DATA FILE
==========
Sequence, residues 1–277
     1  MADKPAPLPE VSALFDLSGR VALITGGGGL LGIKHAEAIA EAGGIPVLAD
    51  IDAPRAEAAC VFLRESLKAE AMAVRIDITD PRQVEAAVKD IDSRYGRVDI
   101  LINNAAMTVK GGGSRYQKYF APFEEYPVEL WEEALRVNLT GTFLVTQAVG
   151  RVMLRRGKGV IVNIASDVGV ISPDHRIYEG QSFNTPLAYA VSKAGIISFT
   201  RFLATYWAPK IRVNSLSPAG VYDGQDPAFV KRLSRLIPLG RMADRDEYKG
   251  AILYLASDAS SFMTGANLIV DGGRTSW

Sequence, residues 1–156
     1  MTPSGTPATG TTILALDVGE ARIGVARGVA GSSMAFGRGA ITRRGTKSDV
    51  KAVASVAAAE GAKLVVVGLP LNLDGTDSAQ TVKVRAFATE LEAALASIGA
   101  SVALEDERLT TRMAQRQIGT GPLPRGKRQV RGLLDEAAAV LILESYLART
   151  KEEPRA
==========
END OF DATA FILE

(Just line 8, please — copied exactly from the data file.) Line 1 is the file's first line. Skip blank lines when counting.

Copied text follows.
Sequence, residues 1–156